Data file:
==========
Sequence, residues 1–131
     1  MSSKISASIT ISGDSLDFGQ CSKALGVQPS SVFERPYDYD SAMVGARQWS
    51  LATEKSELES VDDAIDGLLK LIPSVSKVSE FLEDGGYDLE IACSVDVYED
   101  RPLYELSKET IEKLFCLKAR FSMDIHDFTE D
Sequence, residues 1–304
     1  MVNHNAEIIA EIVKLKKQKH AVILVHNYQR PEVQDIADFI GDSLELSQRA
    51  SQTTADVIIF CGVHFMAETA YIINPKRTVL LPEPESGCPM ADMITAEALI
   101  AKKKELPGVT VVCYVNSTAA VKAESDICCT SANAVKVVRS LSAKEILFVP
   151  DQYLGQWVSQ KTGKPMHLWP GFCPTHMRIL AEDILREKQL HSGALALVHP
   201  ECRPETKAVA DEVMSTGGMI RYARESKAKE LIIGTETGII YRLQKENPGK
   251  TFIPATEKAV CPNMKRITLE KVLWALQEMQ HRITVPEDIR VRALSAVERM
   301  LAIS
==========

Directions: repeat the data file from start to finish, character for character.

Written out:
Sequence, residues 1–131
     1  MSSKISASIT ISGDSLDFGQ CSKALGVQPS SVFERPYDYD SAMVGARQWS
    51  LATEKSELES VDDAIDGLLK LIPSVSKVSE FLEDGGYDLE IACSVDVYED
   101  RPLYELSKET IEKLFCLKAR FSMDIHDFTE D
Sequence, residues 1–304
     1  MVNHNAEIIA EIVKLKKQKH AVILVHNYQR PEVQDIADFI GDSLELSQRA
    51  SQTTADVIIF CGVHFMAETA YIINPKRTVL LPEPESGCPM ADMITAEALI
   101  AKKKELPGVT VVCYVNSTAA VKAESDICCT SANAVKVVRS LSAKEILFVP
   151  DQYLGQWVSQ KTGKPMHLWP GFCPTHMRIL AEDILREKQL HSGALALVHP
   201  ECRPETKAVA DEVMSTGGMI RYARESKAKE LIIGTETGII YRLQKENPGK
   251  TFIPATEKAV CPNMKRITLE KVLWALQEMQ HRITVPEDIR VRALSAVERM
   301  LAIS